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Money was so tight that Lamy borrowed some from a local Jewish banker. When Lamy could not repay the loan, the banker forgave it on the condition that this Hebrew inscription ("Jehovah") be inscribed on the keystone at the entrance. There it remains, odd but a lot more humane than a pound of flesh.

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The cathedral in its discouraging context.

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The plaza itself, seen from the center and looking almost due east. (The streets are gridded, but because they follow the river they're not quite oriented to the compass points.) The building is the Catron Block, 1888. Santa Fe style hadn't yet emerged, and Boss Catron, a lawyer deep into land deals, ordered up an Italianate block from the same Italian masons who had just built Lamy's church. With its later portico, it became an icon of the Territorial Style.

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Along Canyon Road, this is El Zaguan (the "hallway"), expanded in the 19th century from the two or three rooms it had when built in 1768. The walls were adobe, but not in the Pueblo or Santa Fe style. The garden is just about the only patch of public space along Canyon Road, which is otherwise gallery central.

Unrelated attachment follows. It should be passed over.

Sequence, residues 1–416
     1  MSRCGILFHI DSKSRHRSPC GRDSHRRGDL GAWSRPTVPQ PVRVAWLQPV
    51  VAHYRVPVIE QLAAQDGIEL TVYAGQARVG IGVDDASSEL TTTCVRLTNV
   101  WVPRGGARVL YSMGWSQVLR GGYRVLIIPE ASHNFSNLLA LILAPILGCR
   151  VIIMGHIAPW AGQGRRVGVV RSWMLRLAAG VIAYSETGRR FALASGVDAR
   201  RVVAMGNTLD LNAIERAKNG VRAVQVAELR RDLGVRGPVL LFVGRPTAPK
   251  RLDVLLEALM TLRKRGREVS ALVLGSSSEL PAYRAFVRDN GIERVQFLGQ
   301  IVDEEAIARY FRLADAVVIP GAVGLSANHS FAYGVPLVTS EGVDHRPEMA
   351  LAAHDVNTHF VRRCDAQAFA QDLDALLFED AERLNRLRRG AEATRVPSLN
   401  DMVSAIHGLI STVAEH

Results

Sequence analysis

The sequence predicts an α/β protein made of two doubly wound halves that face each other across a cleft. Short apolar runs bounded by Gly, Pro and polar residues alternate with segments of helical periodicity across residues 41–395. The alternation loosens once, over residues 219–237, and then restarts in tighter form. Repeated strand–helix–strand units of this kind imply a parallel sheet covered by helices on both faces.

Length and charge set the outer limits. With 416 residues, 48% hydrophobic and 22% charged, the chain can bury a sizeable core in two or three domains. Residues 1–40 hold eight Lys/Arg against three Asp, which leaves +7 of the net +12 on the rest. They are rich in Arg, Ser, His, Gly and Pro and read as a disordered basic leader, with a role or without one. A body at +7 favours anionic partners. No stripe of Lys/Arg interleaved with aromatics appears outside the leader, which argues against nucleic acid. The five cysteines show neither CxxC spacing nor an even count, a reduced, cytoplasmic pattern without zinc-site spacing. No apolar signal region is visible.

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Another pre-Pueblo Style house, this is Sena Plaza, a block from the plaza. Major Sena and his wife had 11 children, plus servants.  Starting in 1831, his house grew to 33 ground-level rooms, arranged as a square around a courtyard.

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Time has converted the courtyard into a forest.

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A second story was added in 1920.

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The whole place is now shops and restaurants.